Is HP Cheap Now?

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Hewlett-Packard (NYSE: HPQ) CEO Meg Whitman recently gave earnings guidance for the 2013 fiscal year (which ends next October) that disappointed the street, naming “multiple changes in CEOs” as one of the company’s largest problems over the past several years -- subtly suggesting that she should be allowed to continue running HP.

The guidance numbers came in at a range centered at $3.50 per share in earnings, driving the stock down about 13% on the day as the sell-side consensus had previously been for EPS of $4.18. With the price currently at about $15, that represents a forward P/E just above 4.

Why so low? Well, the PC business is not doing well and the Personal Systems segment, which includes HP’s PC products, is a major source of revenue for the company. eReaders have become tablets, capturing much of the functionality of laptops in a more portable form, and even smartphones are increasingly becoming a limited-purpose computing alternative.

Specifically, revenue in Personal Systems was down 10% last quarter compared to a year earlier, driving operating income in the segment down 28%. With HP’s other sources of business generally experiencing declines as well, total revenue ended up down 5% and operating income, after adjusting for a large impairment of goodwill and higher restructuring charges that made the company technically unprofitable for the quarter, came in at only $2.0 billion versus $2.5 billion in the same period in 2011.

Still: only four times internal forward estimates? When the dividend yield is 3.1% and was increased by 10% earlier this year? It’s possible that the plunge in the stock price this year -- it was the Dow’s biggest loser even before its decline -- has gone too far.

Dell (NASDAQ: DELL) faces similar headwinds in terms of the PC business, and it trades at 6 times trailing earnings and 5 times forward estimates for the fiscal year ending January of 2014. Dell, which is down 36% from its price a year ago, only recently started paying a dividend. However, its business is a bit better off than HP’s -- revenue was “only” down 8% in its most recent quarter versus a year ago, and earnings were down 18% -- so the two companies seem appropriately valued relative to each other.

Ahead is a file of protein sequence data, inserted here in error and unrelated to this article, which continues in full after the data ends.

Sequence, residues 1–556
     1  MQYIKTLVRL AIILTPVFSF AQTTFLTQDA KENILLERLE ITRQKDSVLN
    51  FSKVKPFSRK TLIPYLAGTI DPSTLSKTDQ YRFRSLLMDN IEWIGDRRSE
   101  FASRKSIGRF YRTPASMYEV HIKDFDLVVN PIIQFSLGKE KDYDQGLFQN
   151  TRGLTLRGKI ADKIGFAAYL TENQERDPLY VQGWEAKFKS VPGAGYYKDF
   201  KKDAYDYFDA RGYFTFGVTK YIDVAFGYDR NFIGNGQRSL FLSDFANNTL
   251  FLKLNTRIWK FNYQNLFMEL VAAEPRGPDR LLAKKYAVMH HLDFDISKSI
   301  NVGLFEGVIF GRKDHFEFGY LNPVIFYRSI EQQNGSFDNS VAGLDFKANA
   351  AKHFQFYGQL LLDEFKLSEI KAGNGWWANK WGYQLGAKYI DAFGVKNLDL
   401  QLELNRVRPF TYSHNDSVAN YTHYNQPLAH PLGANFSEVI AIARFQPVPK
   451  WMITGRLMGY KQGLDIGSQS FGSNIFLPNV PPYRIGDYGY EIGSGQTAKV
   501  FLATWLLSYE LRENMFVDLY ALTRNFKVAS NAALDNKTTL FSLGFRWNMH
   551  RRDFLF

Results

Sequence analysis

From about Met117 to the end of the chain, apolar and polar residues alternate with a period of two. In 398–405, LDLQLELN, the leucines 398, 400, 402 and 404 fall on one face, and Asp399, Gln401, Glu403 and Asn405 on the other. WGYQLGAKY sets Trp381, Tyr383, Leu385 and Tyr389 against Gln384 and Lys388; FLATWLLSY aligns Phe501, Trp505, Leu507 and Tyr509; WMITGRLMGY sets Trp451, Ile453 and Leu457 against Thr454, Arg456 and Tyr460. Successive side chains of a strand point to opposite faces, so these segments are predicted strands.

Seth Klarman’s Baupost Group was long Hewlett-Packard at the end of June, increasing its stake by 56% to nearly 27 million shares and making it the second largest position in the fund’s 13F portfolio (see more stock picks from Seth Klarman). This put Baupost in contrast with Jim Chanos, who was short HP recently (read more about Chanos' long and short positions).

We’ve discussed Dell, and would also compare HP to more service-oriented International Business Machines (NYSE: IBM), Accenture (NYSE: ACN), and Teradata (NYSE: TDC). Teradata is the growth play of the lot: its earnings were up 9% from a year ago in its last quarterly report, driven by higher revenues. However, it is also high priced at trailing and forward P/Es of 34 and 24, respectively. The analytic data solutions company needs to do better than that to prove it is a good value.

Accenture’s business has been about flat recently, and its returns over the last year are in line with those of the S&P 500. It trades at a forward P/E of 15 -- a large premium over HP and Dell even though its business is not doing particularly well either. $240 billion market cap IBM is seeing low earnings growth, though revenue is flagging a bit. It is cheaper -- a forward P/E of 13 -- and we would prefer it to its peers on that basis.

Yet even IBM’s multiple is considerably higher than what we see at HP and Dell. While we think these two peers are priced about right relative to each other, it’s possible that the market is undervaluing both given how cheap they are compared to earnings numbers. We would advise covering any shorts.

This article is written by Matt Doiron and edited by Meena Krishnamsetty. Meena has a long position in Dell. The Motley Fool owns shares of International Business Machines. Motley Fool newsletter services recommend Accenture Ltd. and Teradata. Try any of our Foolish newsletter services free for 30 days. We Fools may not all hold the same opinions, but we all believe that considering a diverse range of insights makes us better investors. The Motley Fool has a disclosure policy. If you have questions about this post or the Fool’s blog network, click here for information.

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